By Wendy Thompson, Manager, South Mercia, Natural England
(in Volume 26)
In this edition of the Outdoor Recreation Network journal we explore recreational cycling. We have brought together a range of articles that describe how many organisations have supported cycling activities through funding and creating off-road infrastructure and facilities, along with articles by researchers and policy makers to explore the opportunities, challenges and risks.
There is general agreement from contributors to the journal that recreational cycling has become more popular in recent years. Evidence from across the UK is summarised by Vicky Wilson, who also provides us with information about who cycles, where they go, the types of cycling and why people choose to cycle.
We have articles that describe the benefits to health and well-being and how it supports the local economy. Mark Allum tells us how the Yorkshire Dales National Park has supported cycling, building on the enthusiasm generated by the Tour de France, and notes that for some businesses cyclists are a critical part of their turnover. Hannah Arndt describes Wales as a world class cycling destination with fantastic infrastructure; and in Scotland Bridgette Finton demonstrates the importance of mountain biking and how Developing Mountain Biking in Scotland is an initiative to develop sustainable cycling activity.
So is everything rosy? Is the demand for cycling being met and its potential to deliver benefits to health and well-being and the local economy fulfilled? Or is there more to be done?
From editing this journal, and reading through all of the articles provided I’d say that the one thing all authors have in common is that they consider cycling to be at the beginning of a journey. There are still challenges and plenty more that could be done. Our final article from David Buchan, Director for Bike4Health observes that we have a way to go to reach anywhere near the level of cycling experienced across our neighbouring cycling nations in Europe.
I think it is fair to say that ambitions to increase recreational cycling have grown as the benefits to well-being and the significant contribution to economic growth have been recognised. And as cycling has become more popular cyclists have become more sophisticated in their needs with more demands for networks suitable for different types of activity, for example the family orientated off-road experience, the off-road challenges; the longer touring routes and quieter roads and good quality safe routes for everyday journeys and for exercise.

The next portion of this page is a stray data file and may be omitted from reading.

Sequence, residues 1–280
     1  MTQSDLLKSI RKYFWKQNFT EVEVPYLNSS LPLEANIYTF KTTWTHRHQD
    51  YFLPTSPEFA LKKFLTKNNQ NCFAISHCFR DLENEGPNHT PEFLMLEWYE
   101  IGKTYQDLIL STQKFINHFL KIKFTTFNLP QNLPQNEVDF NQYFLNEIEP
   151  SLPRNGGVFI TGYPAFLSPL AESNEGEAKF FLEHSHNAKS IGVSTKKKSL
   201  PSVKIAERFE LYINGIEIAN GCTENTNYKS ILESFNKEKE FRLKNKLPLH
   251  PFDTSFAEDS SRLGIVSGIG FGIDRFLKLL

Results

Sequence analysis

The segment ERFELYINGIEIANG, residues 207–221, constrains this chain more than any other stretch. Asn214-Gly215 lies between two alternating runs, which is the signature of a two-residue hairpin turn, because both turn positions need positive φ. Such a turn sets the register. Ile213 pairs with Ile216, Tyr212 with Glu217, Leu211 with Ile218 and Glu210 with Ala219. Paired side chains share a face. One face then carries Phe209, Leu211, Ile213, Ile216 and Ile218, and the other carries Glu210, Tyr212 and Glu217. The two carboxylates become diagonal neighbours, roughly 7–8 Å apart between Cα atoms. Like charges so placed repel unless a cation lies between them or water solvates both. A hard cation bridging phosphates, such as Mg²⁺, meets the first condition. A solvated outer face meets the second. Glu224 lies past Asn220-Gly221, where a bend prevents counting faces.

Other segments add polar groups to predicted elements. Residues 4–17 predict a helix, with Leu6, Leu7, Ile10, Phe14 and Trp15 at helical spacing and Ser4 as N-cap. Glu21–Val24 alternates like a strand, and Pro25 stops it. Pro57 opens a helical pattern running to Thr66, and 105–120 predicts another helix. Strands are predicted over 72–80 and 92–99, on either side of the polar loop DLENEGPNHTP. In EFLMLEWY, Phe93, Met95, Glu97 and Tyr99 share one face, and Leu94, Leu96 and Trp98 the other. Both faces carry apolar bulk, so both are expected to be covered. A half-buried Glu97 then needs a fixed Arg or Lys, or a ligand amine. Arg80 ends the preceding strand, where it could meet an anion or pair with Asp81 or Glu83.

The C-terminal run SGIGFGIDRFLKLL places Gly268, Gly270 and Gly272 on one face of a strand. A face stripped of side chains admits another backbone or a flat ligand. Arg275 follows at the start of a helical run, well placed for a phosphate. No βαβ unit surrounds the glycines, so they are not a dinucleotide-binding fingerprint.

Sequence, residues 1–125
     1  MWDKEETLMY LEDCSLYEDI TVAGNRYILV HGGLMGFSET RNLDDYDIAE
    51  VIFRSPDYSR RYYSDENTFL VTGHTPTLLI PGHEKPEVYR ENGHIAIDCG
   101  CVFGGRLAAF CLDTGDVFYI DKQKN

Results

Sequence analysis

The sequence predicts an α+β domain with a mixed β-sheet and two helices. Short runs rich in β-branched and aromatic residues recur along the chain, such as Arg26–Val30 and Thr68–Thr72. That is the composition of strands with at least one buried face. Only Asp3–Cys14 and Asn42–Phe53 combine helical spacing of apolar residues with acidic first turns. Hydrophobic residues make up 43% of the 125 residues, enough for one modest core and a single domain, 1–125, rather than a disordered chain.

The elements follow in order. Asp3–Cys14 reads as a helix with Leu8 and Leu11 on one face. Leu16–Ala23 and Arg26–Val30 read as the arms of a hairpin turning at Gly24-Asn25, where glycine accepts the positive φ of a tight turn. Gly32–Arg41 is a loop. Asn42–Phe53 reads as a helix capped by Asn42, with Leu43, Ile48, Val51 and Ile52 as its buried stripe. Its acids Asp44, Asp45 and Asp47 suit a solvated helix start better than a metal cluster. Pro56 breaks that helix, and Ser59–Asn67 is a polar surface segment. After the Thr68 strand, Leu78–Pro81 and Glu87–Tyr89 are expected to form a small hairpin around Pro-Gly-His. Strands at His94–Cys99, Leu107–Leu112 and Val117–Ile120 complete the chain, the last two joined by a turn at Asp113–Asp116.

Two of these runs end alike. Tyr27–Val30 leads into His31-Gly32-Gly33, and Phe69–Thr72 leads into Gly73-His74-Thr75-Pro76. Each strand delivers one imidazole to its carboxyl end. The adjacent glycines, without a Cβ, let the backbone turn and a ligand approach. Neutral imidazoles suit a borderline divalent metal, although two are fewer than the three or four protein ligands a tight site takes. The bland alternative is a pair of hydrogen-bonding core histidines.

The articles include many suggestions for meeting these challenges and ways to reap the benefits from recreational cycling: these include creating more facilities and infrastructure to meet current and future demand; extending the network of routes – in England and Wales Colin Palmer suggests making all Public Rights of Way available for cycling; sharing more information and promotion; and exploring ways to address and minimise impacts and risks, weighing these up against the benefits of cycling. There is also a proposal to spread the benefits of cycling, which has tended to be a male dominated activity, by encouraging wider participation by women and children.
Making this happen will rely on the various types of cyclists working together with those prepared to provide routes, tourism destinations, politicians, funders and decision makers. More than anything I believe we need to share innovative, self-funding and income generating ideas to support the growth of recreational cycling and the benefits this will deliver.